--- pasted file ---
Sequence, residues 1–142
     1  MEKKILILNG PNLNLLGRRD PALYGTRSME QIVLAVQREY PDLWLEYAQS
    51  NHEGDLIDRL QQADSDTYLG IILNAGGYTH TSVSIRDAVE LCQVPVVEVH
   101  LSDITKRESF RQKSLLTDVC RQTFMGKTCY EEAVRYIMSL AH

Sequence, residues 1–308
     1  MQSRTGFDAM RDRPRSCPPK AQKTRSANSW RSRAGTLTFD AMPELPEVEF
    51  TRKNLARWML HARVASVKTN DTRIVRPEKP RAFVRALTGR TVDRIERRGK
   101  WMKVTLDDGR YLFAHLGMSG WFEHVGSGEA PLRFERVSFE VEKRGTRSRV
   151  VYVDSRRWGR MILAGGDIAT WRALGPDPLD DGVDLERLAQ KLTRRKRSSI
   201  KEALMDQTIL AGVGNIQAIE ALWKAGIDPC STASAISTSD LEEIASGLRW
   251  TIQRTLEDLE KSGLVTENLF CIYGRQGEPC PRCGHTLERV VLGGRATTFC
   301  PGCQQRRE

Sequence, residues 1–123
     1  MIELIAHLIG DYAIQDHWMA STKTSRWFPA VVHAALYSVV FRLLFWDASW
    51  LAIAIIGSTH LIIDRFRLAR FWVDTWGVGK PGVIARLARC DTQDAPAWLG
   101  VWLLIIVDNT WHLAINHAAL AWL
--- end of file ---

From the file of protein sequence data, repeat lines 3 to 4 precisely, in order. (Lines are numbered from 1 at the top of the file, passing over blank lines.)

    51  NHEGDLIDRL QQADSDTYLG IILNAGGYTH TSVSIRDAVE LCQVPVVEVH
   101  LSDITKRESF RQKSLLTDVC RQTFMGKTCY EEAVRYIMSL AH